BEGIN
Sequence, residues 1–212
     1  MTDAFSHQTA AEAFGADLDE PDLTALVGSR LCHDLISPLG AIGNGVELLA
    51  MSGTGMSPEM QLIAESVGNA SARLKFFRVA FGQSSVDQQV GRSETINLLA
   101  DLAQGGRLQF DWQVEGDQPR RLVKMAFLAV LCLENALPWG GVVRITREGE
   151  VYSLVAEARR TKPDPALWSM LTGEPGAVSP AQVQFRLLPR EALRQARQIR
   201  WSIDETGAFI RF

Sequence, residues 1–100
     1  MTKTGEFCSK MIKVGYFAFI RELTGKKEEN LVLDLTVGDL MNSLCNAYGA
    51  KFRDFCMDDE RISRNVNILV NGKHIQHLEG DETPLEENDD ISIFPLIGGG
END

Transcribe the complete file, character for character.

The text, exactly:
Sequence, residues 1–212
     1  MTDAFSHQTA AEAFGADLDE PDLTALVGSR LCHDLISPLG AIGNGVELLA
    51  MSGTGMSPEM QLIAESVGNA SARLKFFRVA FGQSSVDQQV GRSETINLLA
   101  DLAQGGRLQF DWQVEGDQPR RLVKMAFLAV LCLENALPWG GVVRITREGE
   151  VYSLVAEARR TKPDPALWSM LTGEPGAVSP AQVQFRLLPR EALRQARQIR
   201  WSIDETGAFI RF

Sequence, residues 1–100
     1  MTKTGEFCSK MIKVGYFAFI RELTGKKEEN LVLDLTVGDL MNSLCNAYGA
    51  KFRDFCMDDE RISRNVNILV NGKHIQHLEG DETPLEENDD ISIFPLIGGG